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\Large\bfseries
On the Hypotheses which lie at the Bases of Geometry.\\[12 pt]
Bernhard Riemann\\[12 pt]
Translated by William Kingdon Clifford\\[12 pt]
[\emph{Nature}, Vol.~VIII. Nos.~183, 184, pp. 14--17, 36, 37.]\\[24 pt]
\large\mdseries
Transcribed by D. R. Wilkins\\[12 pt]
Preliminary Version: December 1998
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\title{On the Hypotheses which lie at the Bases of Geometry.}
\author{Bernhard Riemann\\
Translated by William Kingdon Clifford}
\date{[\emph{Nature}, Vol.~VIII. Nos.~183, 184, pp. 14--17, 36, 37.]}
\maketitle
\begin{center}
\emph{Plan of the Investigation.}
\end{center}
It is known that geometry assumes, as things given, both the
notion of space and the first principles of constructions in
space. She gives definitions of them which are merely nominal,
while the true determinations appear in the form of axioms. The
relation of these assumptions remains consequently in darkness;
we neither perceive whether and how far their connection is
necessary, nor \emph{a priori}, whether it is possible.
From Euclid to Legendre (to name the most famous of modern
reforming geometers) this darkness was cleared up neither by
mathematicians nor by such philosophers as concerned themselves
with it. The reason of this is doubtless that the general notion
of multiply extended magnitudes (in which space-magnitudes are
included) remained entirely unworked. I have in the first place,
therefore, set myself the task of constructing the notion of a
multiply extended magnitude out of general notions of magnitude.
It will follow from this that a multiply extended magnitude is
capable of different measure-relations, and consequently that
space is only a particular case of a triply extended magnitude.
But hence flows as a necessary consequence that the propositions
of geometry cannot be derived from general notions of magnitude,
but that the properties which distinguish space from other
conceivable triply extended magnitudes are only to be deduced
from experience. Thus arises the problem, to discover the
simplest matters of fact from which the measure-relations of
space may be determined; a problem which from the nature of the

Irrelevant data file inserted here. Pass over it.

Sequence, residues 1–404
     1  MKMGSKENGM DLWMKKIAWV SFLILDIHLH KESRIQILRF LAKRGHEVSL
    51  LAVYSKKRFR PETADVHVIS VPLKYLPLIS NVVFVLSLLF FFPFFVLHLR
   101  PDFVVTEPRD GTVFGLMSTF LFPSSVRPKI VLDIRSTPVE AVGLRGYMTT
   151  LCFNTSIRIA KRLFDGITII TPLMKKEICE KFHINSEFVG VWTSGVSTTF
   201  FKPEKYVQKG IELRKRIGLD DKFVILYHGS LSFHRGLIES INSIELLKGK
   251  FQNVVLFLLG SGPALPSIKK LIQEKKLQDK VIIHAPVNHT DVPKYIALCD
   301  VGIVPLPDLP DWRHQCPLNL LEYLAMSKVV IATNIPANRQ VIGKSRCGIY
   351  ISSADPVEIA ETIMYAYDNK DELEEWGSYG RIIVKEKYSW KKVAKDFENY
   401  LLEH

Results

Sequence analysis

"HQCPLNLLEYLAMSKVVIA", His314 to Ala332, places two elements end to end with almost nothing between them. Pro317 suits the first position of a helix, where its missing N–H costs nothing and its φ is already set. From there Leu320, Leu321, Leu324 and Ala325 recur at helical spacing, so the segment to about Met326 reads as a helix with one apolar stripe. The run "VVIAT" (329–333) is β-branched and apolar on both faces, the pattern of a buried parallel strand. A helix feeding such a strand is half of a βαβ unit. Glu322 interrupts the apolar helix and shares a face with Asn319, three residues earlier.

case is not completely determinate, since there may be several
systems of matters of fact which suffice to determine the
measure-relations of space---the most important system for our
present purpose being that which Euclid has laid down as a
foundation. These matters of fact are---like all matters of
fact---not necessary, but only of empirical certainty; they are
hypotheses. We may therefore investigate their probability,
which within the limits of observation is of course very great,
and inquire about the justice of their extension beyond the
limits of observation, on the side both of the infinitely great
and of the infinitely small.
\begin{center}
\emph{I. Notion of an $n$-ply extended magnitude.}
\end{center}
In proceeding to attempt the solution of the first of these
problems, the development of the notion of a multiply extended
magnitude, I think I may the more claim indulgent criticism in
that I am not practised in such undertakings of a philosophical
nature where the difficulty lies more in the notions themselves
than in the construction; and that besides some very short hints
on the matter given by Privy Councillor Gauss in his second
memoir on Biquadratic Residues, in the \emph{G\"{o}ttingen
Gelehrte Anzeige}, and in his Jubilee-book, and some
philosophical researches of Herbart, I could make use of no
previous labours.
\bigbreak
\S~1.
Magnitude-notions are only possible where there is an antecedent
general notion which admits of different specialisations.
According as there exists among these specialisations a continuous
path from one to another or not, they form a \emph{continuous} or
\emph{discrete} manifoldness; the individual specialisations are
called in the first case points, in the second case elements, of
the manifoldness. Notions whose specialisations form a
\emph{discrete} manifoldness are so common that at least in the
cultivated languages any things being given it is always possible
to find a notion in which they are included. (Hence
mathematicians might unhesitatingly found the theory of discrete
magnitudes upon the postulate that certain given things are to
be regarded as equivalent.) On the other hand, so few and far
between are the occasions for forming notions whose
specialisations make up a \emph{continuous} manifoldness, that
the only simple notions whose specialisations form a multiply
extended manifoldness are the positions of perceived objects and
colours. More frequent occasions for the creation and
development of these notions occur first in the higher
mathematic.
Definite portions of a manifoldness, distinguished by a mark or
by a boundary, are called Quanta. Their comparison with regard
to quantity is accomplished in the case of discrete magnitudes by
counting, in the case of continuous magnitudes by measuring.
Measure consists in the superposition of the magnitudes to be
compared; it therefore requires a means of using one magnitude as
the standard for another. In the absence of this, two magnitudes
can only be compared when one is a part of the other; in which
case also we can only determine the more or less and not the how
much. The researches which can in this case be instituted about
them form a general division of the science of magnitude in which
magnitudes are regarded not as existing independently of position
and not as expressible in terms of a unit, but as regions in a
manifoldness. Such researches have become a necessity for many
parts of mathematics, \emph{e.g.}, for the treatment of many-valued
analytical functions; and the want of them is no doubt a chief
cause why the celebrated theorem of Abel and the achievements of
Lagrange, Pfaff, Jacobi for the general theory of differential